Health and Climate Change Nexus: Accelerating progress through integrated climate and clean air action in Africa

Africa Climate Week 2023

Minimizing the vulnerabilities of healthcare systems to climate change is crucial to improving resilience, and to protecting the well-being of and survival of Africa’s population.  An integrated approach to climate and clean air through the reduction of short-lived climate pollutants (SLCPs - black carbon, methane, and HFCs) has proven to be an effective solution to contribute to climate change mitigation while achieving co-benefits to health. Reducing SLCPs addresses air pollution as a public health emergency that results in more than 1 million premature deaths a year in Africa. 

The recent Integrated Assessment of Air Pollution and Climate Change for Sustainable Development in Africa developed by the AUC, CCAC, and UNEP in conjunction with SEI highlighted 5 key areas for integrated action which include transport, residential, energy, agriculture, and waste. But how can we best accelerate progress towards clean air and a stable climate in Africa?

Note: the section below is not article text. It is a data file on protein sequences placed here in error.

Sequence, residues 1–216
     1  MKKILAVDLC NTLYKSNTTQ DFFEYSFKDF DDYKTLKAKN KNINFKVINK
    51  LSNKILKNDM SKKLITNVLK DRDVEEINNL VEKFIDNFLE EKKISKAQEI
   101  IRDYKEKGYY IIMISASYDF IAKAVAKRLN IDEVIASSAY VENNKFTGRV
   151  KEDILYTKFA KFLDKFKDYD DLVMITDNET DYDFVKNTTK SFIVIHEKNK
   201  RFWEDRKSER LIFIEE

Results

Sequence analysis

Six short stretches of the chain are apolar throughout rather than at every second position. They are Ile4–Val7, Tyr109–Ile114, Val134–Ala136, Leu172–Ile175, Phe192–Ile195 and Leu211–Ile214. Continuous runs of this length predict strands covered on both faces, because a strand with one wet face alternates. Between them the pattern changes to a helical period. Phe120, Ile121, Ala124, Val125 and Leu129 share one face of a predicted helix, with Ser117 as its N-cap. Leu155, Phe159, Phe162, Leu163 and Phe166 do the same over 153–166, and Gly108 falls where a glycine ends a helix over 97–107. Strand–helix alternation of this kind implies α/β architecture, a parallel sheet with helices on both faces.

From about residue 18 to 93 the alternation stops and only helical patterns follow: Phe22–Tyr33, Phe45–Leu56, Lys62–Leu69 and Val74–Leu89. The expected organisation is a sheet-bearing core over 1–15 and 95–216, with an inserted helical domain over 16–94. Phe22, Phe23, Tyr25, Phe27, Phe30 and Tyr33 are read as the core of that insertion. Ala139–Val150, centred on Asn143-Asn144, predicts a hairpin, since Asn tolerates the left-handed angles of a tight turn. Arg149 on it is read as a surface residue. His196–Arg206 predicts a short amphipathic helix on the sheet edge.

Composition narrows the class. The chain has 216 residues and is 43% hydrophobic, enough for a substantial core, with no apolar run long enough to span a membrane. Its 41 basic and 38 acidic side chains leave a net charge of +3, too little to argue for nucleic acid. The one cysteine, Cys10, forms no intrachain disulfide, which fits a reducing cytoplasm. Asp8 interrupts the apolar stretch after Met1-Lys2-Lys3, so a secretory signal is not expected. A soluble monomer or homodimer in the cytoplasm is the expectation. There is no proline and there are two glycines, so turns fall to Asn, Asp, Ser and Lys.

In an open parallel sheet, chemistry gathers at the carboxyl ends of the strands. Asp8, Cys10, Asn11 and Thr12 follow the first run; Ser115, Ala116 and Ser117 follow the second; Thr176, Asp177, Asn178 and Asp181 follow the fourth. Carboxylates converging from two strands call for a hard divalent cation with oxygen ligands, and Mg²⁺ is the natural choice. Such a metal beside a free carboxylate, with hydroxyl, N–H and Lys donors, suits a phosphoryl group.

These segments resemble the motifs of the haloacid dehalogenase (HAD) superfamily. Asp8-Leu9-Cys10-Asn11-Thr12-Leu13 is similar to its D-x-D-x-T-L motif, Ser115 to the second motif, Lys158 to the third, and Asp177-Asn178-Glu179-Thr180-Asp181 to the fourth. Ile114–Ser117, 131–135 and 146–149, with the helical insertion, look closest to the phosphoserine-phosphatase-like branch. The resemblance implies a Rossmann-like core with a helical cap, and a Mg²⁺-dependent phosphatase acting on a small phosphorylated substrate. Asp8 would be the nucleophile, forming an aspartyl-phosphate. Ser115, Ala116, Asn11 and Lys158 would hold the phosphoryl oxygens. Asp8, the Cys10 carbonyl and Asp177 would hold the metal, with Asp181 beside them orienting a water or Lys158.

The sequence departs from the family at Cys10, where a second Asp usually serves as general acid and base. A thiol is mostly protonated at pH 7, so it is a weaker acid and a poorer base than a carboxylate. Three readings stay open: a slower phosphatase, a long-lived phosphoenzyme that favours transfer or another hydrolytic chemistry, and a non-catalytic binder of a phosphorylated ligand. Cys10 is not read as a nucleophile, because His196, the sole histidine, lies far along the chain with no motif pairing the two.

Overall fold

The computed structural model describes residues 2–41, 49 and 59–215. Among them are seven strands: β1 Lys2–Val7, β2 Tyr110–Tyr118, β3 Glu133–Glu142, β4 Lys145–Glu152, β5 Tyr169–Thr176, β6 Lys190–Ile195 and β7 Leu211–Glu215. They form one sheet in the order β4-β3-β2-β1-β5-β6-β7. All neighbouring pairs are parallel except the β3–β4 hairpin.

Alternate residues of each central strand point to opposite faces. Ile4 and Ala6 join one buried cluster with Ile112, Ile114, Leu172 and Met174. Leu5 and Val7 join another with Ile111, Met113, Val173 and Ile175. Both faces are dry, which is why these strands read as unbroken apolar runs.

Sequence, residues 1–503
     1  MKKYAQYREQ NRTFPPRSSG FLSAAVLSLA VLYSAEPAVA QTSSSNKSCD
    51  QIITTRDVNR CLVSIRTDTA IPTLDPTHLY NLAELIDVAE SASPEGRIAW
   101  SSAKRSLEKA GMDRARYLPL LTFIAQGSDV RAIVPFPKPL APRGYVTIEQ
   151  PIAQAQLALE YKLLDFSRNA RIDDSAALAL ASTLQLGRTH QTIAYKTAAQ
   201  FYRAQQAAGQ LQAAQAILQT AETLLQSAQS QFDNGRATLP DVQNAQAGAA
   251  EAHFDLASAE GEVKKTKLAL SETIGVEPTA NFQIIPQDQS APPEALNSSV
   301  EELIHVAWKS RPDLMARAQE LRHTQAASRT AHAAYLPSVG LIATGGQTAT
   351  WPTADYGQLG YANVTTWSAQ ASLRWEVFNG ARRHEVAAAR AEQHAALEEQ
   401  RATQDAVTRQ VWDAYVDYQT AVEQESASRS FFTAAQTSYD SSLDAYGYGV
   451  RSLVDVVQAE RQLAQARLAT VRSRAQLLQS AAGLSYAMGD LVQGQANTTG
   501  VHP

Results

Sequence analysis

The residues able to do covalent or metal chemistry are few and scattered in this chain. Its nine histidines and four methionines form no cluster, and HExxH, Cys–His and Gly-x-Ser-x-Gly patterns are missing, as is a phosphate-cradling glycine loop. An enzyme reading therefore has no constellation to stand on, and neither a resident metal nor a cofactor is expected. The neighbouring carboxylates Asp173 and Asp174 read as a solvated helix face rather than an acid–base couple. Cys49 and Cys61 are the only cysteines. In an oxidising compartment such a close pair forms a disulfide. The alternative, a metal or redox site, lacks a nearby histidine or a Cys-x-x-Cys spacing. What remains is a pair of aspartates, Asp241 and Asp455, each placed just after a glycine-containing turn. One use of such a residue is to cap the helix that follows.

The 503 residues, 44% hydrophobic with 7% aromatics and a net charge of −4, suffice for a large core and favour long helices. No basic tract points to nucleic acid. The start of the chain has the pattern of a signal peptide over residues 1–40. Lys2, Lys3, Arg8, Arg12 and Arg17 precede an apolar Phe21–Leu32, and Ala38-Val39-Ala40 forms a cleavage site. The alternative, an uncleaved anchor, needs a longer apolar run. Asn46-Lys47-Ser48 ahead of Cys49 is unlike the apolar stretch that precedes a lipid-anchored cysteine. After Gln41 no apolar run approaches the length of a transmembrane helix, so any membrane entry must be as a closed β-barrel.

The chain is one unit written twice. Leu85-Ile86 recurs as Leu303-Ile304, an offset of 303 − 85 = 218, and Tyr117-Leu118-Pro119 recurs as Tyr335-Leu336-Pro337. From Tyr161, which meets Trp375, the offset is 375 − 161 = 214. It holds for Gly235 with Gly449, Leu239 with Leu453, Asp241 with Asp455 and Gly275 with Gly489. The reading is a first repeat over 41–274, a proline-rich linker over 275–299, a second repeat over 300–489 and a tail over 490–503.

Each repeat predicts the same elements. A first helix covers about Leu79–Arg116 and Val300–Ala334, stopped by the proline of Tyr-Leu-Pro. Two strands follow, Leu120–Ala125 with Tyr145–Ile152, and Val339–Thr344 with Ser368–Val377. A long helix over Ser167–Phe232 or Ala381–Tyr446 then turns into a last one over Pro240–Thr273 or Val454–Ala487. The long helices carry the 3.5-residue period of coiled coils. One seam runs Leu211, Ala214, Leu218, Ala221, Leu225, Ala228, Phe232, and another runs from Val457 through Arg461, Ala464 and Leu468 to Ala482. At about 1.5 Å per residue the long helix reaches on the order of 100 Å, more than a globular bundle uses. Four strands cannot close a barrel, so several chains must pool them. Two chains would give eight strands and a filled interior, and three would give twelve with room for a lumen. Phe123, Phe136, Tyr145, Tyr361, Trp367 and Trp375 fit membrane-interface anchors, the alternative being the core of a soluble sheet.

Countries across Africa are deeply committed to reducing SLCPs in support of development objectives, implementing fit-for-purpose policies and regulations across sectors. At the same time, entrepreneurs are developing innovative solutions to combat air pollution and contribute to climate mitigation across sectors, a critical tool to unlock potential health benefits for Africans.  

This session of Africa Climate Week will bring together air quality and climate experts, country partners, entrepreneurs, philanthropy, and multilateral development banks for a discussion geared towards answering the following questions: 

  • How can we harness the power of policy, science, and innovation to implement climate and clean air measures across priority areas to maximize health benefits?  
  • What barriers remain to financing priority climate and clean air measures, and where should this investment come from?

These takeaways will be presented by the Climate and Clean Air Coalition (CCAC), and will be the basis for a panel discussion of government, private sector, and development bank stakeholders.